Presentation on theme: "Foot Pain in a Cross Country Runner Nicole Huntress M.D. Primary Care Sports Medicine Fellow Steadman Hawkins Clinic of the Carolinas SEACSM Conference."— Presentation transcript:
Foot Pain in a Cross Country Runner Nicole Huntress M.D. Primary Care Sports Medicine Fellow Steadman Hawkins Clinic of the Carolinas SEACSM Conference February 10, 2012
HPI 13yo female c bilateral foot pain >1 year Worst on inside of L foot Activity related No systemic symptoms
PE Inspection: nl arches, prominent L navicular, no swelling/ecchymosis/erythema TTP L posterior tibialis tendon and navicular FROM, ankle stable Strength: resisted inversion painful on L, weak core c single leg stance, squat, hip adduction Flexibility: bilateral tight heel cords and hamstrings, R hip flexors and quadriceps Negative tinels
X-RAYS Weight bearing bilateral AP, lateral, oblique views Accessory navicular on L, open physes, no fracture or other bony abnormality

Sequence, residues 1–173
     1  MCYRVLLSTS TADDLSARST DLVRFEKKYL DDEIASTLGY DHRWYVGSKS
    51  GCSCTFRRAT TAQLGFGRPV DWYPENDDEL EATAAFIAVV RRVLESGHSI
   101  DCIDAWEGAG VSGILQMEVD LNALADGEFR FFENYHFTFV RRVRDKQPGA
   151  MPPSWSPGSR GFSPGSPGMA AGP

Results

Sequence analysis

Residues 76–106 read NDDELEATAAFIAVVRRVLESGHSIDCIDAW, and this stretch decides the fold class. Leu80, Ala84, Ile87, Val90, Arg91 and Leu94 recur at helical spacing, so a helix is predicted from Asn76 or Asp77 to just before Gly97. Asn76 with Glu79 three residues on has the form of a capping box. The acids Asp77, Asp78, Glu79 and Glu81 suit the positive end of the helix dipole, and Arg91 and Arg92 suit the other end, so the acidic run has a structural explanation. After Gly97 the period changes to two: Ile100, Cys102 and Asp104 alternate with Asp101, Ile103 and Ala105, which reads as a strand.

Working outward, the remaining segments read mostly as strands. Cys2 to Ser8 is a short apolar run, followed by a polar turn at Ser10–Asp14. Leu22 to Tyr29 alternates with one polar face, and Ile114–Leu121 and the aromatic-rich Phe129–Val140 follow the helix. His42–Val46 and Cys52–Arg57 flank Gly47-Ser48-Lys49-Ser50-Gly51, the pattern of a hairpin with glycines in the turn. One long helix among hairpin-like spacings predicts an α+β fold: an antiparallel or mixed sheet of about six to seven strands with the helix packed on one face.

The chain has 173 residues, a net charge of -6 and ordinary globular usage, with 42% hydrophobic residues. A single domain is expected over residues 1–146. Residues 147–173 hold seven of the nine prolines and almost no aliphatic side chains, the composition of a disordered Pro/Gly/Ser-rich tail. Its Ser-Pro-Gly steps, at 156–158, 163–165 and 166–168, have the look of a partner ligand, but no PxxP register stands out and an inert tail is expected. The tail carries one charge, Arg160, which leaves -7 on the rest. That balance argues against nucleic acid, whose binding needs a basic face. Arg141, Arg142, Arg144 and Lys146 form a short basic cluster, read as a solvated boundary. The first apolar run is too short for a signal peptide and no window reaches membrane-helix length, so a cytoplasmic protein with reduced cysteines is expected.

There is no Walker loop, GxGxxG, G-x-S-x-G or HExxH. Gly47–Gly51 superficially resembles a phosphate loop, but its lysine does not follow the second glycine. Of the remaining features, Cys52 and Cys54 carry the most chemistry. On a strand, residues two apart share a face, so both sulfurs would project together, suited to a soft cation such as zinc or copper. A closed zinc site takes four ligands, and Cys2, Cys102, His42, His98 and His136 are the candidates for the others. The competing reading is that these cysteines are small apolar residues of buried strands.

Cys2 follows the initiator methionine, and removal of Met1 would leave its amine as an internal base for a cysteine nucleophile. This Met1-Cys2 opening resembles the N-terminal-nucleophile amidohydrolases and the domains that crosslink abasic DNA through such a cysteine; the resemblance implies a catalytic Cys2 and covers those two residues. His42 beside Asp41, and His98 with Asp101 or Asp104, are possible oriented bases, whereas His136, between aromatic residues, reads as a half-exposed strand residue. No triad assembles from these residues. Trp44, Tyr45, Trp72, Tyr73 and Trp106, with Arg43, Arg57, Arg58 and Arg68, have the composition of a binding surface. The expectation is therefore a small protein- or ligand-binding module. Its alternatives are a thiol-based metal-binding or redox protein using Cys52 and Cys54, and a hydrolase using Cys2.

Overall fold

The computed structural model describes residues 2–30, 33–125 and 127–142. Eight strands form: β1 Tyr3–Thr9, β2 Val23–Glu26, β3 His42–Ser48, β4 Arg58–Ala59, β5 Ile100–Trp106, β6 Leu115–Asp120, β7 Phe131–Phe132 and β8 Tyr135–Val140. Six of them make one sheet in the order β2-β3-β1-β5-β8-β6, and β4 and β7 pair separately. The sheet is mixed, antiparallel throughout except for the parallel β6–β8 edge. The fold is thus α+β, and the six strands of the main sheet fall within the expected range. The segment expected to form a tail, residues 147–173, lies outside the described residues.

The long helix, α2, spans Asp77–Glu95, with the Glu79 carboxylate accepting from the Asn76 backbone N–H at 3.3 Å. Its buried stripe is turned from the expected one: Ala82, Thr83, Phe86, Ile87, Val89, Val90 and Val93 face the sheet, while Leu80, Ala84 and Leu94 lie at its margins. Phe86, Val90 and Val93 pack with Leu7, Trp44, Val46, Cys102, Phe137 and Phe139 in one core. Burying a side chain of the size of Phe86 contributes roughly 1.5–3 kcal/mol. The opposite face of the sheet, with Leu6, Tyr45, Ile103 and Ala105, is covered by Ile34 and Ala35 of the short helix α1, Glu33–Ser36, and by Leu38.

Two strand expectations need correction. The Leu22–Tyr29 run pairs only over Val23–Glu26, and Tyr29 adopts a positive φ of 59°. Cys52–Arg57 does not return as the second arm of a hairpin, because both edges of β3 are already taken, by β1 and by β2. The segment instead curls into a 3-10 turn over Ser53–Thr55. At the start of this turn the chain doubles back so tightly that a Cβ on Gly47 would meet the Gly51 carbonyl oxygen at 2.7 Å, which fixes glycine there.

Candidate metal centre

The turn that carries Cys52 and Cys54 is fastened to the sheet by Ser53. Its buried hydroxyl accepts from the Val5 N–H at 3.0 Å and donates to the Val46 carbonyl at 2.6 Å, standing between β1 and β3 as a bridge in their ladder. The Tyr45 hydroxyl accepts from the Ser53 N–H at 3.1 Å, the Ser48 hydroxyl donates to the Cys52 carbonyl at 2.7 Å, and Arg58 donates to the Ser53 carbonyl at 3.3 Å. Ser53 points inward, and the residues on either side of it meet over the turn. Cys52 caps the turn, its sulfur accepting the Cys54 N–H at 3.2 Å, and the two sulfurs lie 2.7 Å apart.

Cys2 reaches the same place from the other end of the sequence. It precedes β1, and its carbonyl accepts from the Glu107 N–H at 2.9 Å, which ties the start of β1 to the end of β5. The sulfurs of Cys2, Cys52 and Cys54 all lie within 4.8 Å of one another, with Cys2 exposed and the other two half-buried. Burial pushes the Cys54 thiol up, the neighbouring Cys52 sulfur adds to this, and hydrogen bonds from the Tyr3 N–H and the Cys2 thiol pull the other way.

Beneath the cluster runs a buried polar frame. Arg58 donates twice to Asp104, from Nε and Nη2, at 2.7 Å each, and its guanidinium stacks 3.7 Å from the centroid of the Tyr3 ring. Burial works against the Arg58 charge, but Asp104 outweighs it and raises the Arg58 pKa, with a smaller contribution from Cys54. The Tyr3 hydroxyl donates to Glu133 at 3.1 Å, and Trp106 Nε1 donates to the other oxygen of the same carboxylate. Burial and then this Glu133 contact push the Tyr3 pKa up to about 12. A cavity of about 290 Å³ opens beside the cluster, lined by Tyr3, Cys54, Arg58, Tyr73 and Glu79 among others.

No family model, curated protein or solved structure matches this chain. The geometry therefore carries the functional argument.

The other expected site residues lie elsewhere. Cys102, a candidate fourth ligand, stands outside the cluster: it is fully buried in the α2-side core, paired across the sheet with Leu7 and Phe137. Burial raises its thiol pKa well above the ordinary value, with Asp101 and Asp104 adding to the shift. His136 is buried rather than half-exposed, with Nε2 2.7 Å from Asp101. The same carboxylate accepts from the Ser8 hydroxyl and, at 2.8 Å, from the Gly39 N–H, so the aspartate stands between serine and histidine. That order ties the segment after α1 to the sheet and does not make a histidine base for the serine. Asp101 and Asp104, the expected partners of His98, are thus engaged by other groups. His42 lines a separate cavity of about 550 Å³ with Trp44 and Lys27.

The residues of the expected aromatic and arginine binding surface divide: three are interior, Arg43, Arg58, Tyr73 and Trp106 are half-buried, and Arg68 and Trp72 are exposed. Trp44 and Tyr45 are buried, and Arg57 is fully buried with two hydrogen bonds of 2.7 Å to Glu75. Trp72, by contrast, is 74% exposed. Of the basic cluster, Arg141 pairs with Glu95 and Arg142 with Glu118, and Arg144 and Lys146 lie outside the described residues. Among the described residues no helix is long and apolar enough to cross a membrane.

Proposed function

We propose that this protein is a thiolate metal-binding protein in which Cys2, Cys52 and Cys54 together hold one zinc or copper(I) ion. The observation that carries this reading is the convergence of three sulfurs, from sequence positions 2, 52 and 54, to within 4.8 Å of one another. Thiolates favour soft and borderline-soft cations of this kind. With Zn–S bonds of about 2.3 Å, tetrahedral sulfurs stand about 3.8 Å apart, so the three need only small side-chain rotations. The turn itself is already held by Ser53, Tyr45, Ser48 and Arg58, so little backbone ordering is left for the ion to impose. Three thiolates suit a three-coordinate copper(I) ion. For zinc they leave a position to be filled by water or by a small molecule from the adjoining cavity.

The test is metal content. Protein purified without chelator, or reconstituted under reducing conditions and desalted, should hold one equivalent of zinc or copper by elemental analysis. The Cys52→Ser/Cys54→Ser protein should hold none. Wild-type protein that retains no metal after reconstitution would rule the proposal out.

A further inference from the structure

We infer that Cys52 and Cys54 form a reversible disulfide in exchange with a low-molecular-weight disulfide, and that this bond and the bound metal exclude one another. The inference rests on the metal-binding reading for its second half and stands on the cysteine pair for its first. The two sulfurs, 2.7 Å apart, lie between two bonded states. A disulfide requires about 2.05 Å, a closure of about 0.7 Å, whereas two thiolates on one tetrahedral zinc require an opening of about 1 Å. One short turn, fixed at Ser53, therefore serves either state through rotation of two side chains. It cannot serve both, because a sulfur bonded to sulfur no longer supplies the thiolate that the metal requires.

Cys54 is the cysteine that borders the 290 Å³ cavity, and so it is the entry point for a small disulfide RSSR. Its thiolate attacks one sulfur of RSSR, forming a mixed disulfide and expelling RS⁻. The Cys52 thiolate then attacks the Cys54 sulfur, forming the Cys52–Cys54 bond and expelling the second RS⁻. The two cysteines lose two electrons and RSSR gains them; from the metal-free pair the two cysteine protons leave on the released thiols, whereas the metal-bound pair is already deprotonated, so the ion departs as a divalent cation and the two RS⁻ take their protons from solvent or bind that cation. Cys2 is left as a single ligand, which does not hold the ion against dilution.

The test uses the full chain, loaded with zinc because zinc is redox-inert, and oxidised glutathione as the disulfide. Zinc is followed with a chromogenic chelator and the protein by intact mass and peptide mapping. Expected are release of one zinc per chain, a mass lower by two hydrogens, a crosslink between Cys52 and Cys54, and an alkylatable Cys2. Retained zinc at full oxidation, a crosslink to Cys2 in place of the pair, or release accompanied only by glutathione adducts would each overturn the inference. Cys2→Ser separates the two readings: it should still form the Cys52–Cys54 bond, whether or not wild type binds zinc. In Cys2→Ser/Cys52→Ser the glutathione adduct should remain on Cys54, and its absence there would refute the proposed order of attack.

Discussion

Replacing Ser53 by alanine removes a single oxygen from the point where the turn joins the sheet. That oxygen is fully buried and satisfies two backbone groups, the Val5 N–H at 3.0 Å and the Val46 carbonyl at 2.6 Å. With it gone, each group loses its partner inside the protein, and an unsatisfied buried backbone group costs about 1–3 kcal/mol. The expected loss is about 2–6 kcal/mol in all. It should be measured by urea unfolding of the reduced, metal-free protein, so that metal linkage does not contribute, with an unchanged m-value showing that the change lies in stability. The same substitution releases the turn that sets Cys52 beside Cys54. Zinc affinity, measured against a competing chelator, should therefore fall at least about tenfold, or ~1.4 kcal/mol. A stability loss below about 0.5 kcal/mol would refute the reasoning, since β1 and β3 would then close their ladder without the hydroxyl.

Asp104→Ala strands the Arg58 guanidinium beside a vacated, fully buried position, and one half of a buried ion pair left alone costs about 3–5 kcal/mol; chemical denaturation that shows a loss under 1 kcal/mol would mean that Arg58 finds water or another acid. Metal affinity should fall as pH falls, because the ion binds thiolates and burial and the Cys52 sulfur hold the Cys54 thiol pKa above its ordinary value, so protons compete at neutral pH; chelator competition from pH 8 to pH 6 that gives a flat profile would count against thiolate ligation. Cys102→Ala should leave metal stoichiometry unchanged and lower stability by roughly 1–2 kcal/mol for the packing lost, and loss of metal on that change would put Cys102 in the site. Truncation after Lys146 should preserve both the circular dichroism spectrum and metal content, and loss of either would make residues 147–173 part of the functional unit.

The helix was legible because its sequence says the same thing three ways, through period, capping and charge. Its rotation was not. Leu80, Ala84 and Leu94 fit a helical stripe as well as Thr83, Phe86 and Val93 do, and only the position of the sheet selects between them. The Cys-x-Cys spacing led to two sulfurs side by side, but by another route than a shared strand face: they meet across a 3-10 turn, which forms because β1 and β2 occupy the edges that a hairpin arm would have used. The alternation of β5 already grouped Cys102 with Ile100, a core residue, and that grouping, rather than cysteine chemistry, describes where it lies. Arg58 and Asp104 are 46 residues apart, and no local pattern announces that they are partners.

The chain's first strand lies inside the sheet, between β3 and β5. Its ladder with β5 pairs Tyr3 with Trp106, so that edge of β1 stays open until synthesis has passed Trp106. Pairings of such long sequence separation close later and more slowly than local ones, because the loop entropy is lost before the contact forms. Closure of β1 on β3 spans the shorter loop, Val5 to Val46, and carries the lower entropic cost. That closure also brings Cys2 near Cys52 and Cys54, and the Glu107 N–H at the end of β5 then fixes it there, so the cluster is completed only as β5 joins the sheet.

Follow-up No interval change Short walking boot L Labs Normal: CBC, CMP, Mg, Phos, ESR, CRP, Ferritin, Iron, TIBC, Reticulocyte, TSH Vitamin D low at 29.8 Dexa Scan lower limits of normal, 0.841 to 0.957gm/cm3, z-score -0.6 to -0.9 Nutritionist referral MRI R foot Numerous foci of increased marrow signal of hindfoot and midfoot, no accessory navicular
Conclusions 13yo female cross country runner with painful Bone Marrow Edema Syndrome short L cast and R boot Now wearing custom orthotics Ongoing bilateral mid-foot pain Endocrine consult pending
A ‘normal’ finding? Shabshin, Schweitzer, Morrison, Carrino, Keller, Grissom. High Signal T2 changes of bone marrow of the foot and ankle in children: red marrow or traumatic changes? Pediatric Radiology 2006. 402 bones in 41 pediatric (1-18yo) patients BM changes on T2 MRI in 11% overall, 59% <16yo Calcaneous 54%, talus 35%, navicular 35% Most bilateral and most resolve by 15yo Hematopoietic red marrow, physiologic stress, biomechanics?